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Journal of Chemistry
Volume 2013 (2013), Article ID 609590, 3 pages
Research Article

Recovery of Hg(0) from the Aqueous Hg(I/II) Present in Analyte Solution after Quantitative Determination of Iron

1Department of Chemistry, Utkal University, Orissa, Bhubaneswar 751 004, India
2Department of Chemistry, North Orissa University, Orissa, Baripada 757 003, India

Received 6 June 2012; Accepted 23 July 2012

Academic Editor: Carmen Cabrera-Vique

Copyright © 2013 Suman K. Giri and Nigamananda Das. This is an open access article distributed under the Creative Commons Attribution License, which permits unrestricted use, distribution, and reproduction in any medium, provided the original work is properly cited.


An easy and feasible approach to recover HgCl2, used in quantitative determination of iron values, as Hg(0) was described. Both Hg(I) and Hg(II), present in the solution after quantitative determination of iron, was completely reduced to Hg(0) by the addition of aluminium chips in more slightly excess than the stoichiometric amount. The purity of recovered Hg(0) was verified by comparing the value of density with pure mercury. This simple method may be useful to remove the mercury from other waste aqueous solutions before their discharge into the environment.

1. Introduction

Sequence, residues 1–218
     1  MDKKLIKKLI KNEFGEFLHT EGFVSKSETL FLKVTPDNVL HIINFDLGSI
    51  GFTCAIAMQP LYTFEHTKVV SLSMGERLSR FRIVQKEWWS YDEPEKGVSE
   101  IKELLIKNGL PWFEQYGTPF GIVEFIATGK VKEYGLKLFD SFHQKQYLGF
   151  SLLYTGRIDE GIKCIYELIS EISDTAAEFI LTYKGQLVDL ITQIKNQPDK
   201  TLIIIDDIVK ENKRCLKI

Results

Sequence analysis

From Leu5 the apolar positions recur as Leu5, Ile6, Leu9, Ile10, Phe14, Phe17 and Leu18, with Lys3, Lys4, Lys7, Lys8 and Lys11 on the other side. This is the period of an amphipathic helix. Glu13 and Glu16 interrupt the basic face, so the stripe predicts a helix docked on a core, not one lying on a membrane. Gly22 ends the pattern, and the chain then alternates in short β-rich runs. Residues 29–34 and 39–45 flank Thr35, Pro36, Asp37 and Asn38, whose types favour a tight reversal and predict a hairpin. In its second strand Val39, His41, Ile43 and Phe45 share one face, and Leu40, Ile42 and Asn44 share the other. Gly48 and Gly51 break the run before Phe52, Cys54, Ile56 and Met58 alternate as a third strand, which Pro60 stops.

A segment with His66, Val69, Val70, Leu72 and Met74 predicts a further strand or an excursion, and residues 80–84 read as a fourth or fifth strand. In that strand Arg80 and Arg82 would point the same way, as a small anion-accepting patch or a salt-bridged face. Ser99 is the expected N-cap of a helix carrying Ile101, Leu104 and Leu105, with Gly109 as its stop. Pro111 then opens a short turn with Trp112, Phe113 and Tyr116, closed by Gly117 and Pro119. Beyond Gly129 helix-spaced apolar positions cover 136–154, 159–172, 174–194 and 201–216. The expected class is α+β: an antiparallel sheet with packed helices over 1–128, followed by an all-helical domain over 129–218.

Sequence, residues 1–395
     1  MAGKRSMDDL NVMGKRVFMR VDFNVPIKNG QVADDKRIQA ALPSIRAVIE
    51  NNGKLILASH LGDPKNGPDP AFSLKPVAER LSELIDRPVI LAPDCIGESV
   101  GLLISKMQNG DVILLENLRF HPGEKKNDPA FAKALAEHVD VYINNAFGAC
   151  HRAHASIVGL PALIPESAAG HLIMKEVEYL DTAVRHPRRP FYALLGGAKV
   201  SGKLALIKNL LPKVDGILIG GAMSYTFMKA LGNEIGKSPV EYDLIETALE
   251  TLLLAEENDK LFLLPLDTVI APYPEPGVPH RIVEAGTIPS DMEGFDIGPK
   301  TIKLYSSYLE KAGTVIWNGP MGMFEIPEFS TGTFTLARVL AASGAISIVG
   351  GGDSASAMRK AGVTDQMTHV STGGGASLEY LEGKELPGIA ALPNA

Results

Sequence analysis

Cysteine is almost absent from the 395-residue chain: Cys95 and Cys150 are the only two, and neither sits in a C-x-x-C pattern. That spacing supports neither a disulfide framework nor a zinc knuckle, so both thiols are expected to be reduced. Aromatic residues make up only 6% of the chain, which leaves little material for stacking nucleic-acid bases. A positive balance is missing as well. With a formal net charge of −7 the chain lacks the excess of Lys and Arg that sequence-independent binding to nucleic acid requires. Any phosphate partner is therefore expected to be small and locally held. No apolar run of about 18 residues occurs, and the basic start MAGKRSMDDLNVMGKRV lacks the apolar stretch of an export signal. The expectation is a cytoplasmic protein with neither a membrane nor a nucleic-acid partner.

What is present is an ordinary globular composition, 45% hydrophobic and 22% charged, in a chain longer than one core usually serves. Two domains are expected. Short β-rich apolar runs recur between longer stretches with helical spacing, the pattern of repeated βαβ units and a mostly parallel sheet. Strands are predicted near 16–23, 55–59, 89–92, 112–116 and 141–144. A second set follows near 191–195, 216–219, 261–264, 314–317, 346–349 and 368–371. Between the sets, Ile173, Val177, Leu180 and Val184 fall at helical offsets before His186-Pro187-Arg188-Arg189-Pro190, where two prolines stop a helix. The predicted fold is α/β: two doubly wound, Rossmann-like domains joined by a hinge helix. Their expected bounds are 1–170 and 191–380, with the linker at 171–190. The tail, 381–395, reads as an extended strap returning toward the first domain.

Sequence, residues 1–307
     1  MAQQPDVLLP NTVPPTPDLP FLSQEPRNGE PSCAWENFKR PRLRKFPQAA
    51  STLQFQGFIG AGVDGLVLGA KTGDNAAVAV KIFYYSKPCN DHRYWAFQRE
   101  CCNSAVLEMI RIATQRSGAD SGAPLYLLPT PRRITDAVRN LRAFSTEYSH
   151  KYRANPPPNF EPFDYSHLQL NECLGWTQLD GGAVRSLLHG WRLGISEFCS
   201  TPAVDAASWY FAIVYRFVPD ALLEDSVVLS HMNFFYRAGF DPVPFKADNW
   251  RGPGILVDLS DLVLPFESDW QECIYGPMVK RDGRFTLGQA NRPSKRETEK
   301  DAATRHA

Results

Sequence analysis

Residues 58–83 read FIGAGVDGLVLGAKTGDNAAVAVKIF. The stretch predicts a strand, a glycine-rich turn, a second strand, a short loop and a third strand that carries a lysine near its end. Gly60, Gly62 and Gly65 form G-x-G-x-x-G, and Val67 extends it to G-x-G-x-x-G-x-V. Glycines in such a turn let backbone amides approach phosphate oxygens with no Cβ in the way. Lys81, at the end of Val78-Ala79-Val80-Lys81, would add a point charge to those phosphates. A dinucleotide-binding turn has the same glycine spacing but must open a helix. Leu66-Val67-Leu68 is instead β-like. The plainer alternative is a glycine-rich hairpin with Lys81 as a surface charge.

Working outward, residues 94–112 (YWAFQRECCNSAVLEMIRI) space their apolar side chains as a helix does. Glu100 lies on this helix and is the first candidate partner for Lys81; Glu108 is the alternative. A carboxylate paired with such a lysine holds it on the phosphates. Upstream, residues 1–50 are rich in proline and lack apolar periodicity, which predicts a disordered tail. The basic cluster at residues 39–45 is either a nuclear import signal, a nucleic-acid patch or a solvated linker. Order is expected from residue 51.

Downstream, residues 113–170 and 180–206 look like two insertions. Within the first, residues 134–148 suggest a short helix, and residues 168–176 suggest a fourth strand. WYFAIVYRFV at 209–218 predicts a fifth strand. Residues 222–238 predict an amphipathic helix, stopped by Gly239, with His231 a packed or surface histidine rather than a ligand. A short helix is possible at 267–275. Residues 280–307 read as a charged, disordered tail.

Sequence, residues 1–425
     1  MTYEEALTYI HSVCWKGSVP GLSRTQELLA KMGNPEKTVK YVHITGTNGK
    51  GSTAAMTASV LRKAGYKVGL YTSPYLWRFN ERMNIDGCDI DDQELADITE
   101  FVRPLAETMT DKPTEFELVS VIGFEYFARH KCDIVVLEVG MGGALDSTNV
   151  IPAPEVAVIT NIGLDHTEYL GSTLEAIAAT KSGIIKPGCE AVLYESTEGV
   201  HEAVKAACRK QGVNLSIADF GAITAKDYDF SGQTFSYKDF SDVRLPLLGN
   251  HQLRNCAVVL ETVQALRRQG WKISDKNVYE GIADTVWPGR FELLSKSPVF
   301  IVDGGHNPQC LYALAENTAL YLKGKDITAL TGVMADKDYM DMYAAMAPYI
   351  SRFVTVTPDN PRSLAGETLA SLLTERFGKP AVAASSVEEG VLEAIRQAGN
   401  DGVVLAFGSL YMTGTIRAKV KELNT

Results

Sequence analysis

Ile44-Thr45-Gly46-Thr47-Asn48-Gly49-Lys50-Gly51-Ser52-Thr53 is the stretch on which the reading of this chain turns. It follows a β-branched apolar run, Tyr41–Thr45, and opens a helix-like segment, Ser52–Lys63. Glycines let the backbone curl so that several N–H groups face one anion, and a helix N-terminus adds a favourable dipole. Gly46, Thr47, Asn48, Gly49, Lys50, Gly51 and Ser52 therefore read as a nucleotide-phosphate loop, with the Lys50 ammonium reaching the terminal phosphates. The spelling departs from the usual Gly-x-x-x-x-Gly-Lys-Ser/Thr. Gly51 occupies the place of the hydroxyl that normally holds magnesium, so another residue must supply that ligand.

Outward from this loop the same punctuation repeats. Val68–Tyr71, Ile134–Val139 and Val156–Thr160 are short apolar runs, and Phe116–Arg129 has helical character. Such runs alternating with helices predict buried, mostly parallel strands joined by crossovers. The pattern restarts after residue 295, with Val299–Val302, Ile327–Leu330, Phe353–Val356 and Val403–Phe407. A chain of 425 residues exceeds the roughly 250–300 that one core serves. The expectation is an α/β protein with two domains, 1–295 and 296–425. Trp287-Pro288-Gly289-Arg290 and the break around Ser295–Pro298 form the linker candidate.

Mercury and its compounds are considered one among the priority hazardous contaminants in the environment which are harmful to human health and natural ecosystems [14]. The discharge of effluents from various mercury using industries like chloroalkali, paint, pharmaceutical, paper and pulp, and so forth and its use in pesticides are the major sources of mercury contamination in soil and water. In aquatic system, the major fraction of mercury as Hg(II) is stored in sediment by sorption and/or precipitation which is subsequently released into aqueous phase causing severe toxic effects to human and biota. In addition, the extensive use of HgCl2 for routine quantitative analysis of iron in laboratories and iron-based industries followed by the discharge of the analyte solution also contributes to the mercury pollution to very small extent. Although the maximum permissible limits of Hg(II) in drinking water and effluents are 0.002–0.005 mg L−1 and 0.01 mg L−1, respectively, [57], the effluents discharged in the environment usually contain much higher range of mercury (0.058–0.268 mg L−1). The conventional techniques for Hg removal from aqueous solution include sulphate or hydrazine precipitation, ion exchange, liquid-liquid extraction, adsorption by activated carbon, and other materials [810]. Supercritical fluid extraction and foam fractionation separation of Hg species from their aqueous solution has been described elsewhere [11, 12]. It is known that aluminum metal can reduce several metal ions to their metallic state under different conditions. Separation of iron(III) as Fe(0) by reduction with aluminium powder under hot condition from acid-leached solution of different ores/minerals has been reported earlier [13, 14]. On the other hand, the Fe(III) is reduced to only Fe(II) when the reduction is carried out at room temperature. The reducing ability of aluminium may be further exploited for recovery of other metals from their ions present in aqueous solution. In this context, the Al (Al3+ + 3e Al ( = 1.706 V) can favourably reduce both Hg(I/II) (/Hg2+ + 2e Hg, –0.85 V) under acidic condition. Keeping the above in view, we report here a simple and effective way of recovering the left-out Hg(I/II) in analyte solution after volumetric estimation of iron by dichromate method.